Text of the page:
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Crow-killing: good money down drain

Discussion in 'Habari na Hoja mchanganyiko' started by Mahesabu, Apr 22, 2011.

  1. Mahesabu

    Mahesabu JF-Expert Member

    #1
    Apr 22, 2011
    Joined: Jan 27, 2008
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    By Karl Lyimo, 17th April 2011 @ 12:00, Total Comments: 2, Hits: 340

    THIS is a plea from the heart, asking the President Jakaya Kikwete Govt. to spare the money and the crows... Well, let me start from the beginning...

    One ki-Swahili daily published in Dar last Saturday had what was for me an intriguing report. Apparently, the Govt. is preparing to embark upon a project to kill off black crows in the city and the surrounding littoral.

    To that end, the Govt. — acting with considerable material help from some of its partners-in-development — will spend the goodly sum of US$906,200 on the exercise beginning anytime now. This, the paper revealed, is in response to a presidential directive to the Ministry of Natural Resources & Tourism last year to eliminate crows from our skies.

    Reportedly, the project couldn’t be implemented then for lack of funds. What with one thing leading to another, the Danish Embassy plumped in with a hefty US$748,200. Other development partners followed suit — if not in like sum, but in kind. Finland chipped in with 75,000 euros; the US Embassy: $50,000...

    And Tsh150m from the Tanzania Govt. itself! [m-Tanzania-Jumamosi: April 9, 2011]. At current exchange rates, this works out at Tsh1.509bn; roughly US$1m... Enough to purchase 167.7 “Bajaj ambulances” at Tsh9m apiece! I don’t know how many black crows there are in Dar — and, therefore, the cost of killing them per capita!

    But, according to a top official of the Wildlife Conservation Society of Tanzania (WCST), Anne Lema, there’re about a million black crows in the skies over Dar es Salaam and its immediate surroundings. So, one US dollar for each black crow done in! Then what next?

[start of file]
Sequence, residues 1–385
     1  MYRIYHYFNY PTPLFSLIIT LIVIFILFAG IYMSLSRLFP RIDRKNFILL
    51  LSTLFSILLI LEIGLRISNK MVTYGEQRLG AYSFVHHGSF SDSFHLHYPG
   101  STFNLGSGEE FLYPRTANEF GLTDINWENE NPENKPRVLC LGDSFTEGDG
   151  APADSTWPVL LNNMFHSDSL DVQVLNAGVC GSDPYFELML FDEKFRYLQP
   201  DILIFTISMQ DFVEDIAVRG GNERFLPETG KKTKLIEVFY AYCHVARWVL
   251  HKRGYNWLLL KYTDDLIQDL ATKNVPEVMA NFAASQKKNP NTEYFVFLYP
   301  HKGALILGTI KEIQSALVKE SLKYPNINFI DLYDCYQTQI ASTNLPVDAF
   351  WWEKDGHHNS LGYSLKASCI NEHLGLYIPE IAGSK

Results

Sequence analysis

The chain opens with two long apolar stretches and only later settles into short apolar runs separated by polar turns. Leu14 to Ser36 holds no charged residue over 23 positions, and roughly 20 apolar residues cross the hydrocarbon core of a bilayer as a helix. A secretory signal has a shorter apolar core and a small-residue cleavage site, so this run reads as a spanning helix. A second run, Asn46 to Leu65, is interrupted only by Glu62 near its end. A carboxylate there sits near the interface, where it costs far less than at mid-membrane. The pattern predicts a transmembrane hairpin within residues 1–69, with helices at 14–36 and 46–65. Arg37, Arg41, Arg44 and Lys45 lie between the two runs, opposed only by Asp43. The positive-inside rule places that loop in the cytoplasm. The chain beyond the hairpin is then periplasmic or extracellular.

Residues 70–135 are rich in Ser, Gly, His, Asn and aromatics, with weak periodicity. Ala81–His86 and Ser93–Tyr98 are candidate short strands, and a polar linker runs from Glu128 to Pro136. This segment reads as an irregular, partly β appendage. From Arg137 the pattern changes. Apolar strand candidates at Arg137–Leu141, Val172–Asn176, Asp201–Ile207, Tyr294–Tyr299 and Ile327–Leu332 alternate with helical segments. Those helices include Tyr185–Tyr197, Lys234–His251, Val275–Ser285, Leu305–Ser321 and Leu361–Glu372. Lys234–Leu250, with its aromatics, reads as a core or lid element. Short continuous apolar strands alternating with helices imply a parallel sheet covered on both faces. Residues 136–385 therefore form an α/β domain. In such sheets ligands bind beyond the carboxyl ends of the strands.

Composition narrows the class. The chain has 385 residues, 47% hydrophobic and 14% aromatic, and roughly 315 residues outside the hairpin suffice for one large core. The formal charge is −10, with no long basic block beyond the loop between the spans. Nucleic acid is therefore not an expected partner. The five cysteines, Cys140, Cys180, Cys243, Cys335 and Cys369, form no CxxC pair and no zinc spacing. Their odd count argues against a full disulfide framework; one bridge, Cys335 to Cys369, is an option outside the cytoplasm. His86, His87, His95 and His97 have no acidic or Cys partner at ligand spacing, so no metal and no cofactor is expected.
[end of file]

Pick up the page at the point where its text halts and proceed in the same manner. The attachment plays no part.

What I know for sure’s that it’s going to be more than an uphill task — an impossible task, I’d say — to eradicate the entire population! This has been tried elsewhere (in India, in Zanzibar; in fact, in almost every country where crows and ravens are found across the Seven Seas) with little or no success.

    Call it killing, call it culling... What I mean here’s that scores of thousands of the birds may be killed, and the billion-point-five shillings allocated for the job exhausted. Then, over time, the skies’ll be full of crowing crows as before.

    Back to Square One... Will we then start all over again? I don’t envy WCST for this rather awkward task it seems to have been uncharacteristically zealous to undertake. Indeed, I’m taken aback that a Society which crows as being out and out ‘Saving Wildlife; Saving Wild Places’ should now be at the front-line in a war to exterminate wildlife!

    According to WCST, “Tanzania has unparalleled wildlife and abundant natural resources, and is probably the most bio-diverse nation on Mainland Africa.’ The NGO was founded in 1988, and is Tanzania’s only major national conservation organization.

    WCST’s avowed mission is ‘to work towards the conservation of the flora, fauna, and environment of Tanzania for the benefit of Mankind...’ This last bit is tricky... who decides — and how/when — what’ll be for the benefit of Mankind, pray? Indeed, I’m aware how destructive and distracting crows can be, and usually are.

    I’ve in fact lost a few precious items to these crafty creatures which will take off with anything shiny enough to catch their visual attention. As Pam Hilts writes, “Crows will eat anything that’s edible, and many things that aren’t!’ [“Bird facts: Black crow’].

    Crows also swiftly descend upon water/liquid receptacles left uncovered in the open, first regurgitating into the liquid before they “wet their beak” (Mario Puzo/Don Corleone of ‘The Godfather’ fame pardon!) Both can’t be good habits — from a human point of view, anyway.

    So, it’s understandable that Man must want them out of the way. But — at the risk of being seen as playing the Devil’s Advocate here — I’ll come out and defend the creatures for reasons I consider fair.

    One: crows are “Class A-1” scavengers, up there with hyenas and bald eagles, feeding on carrion and refuse! Imagine what Dar would look and smell like if the crows weren’t there to mop up the (dead) filth as a matter of course.

    So, why be avengers of scavengers? Two: crows are an entertaining breed — in a manner of speaking! It’s fascinating to watch them “shadow-boxing” and jockeying for position with mother-chickens, with the latter defending their chicks as the crows maneouvre into a position from which to snatch a chick and take off on an aerial parabola ably assisted by the thermals up there!

    Three: eliminating crows is clearly an exercise in futility; and an expensive one at that! Mark my words: not long after the exercise comes to a close, there’ll be crows in our skies once again! We must learn to live with, and enjoy, what we can’t effectively sort out... Cheers
     
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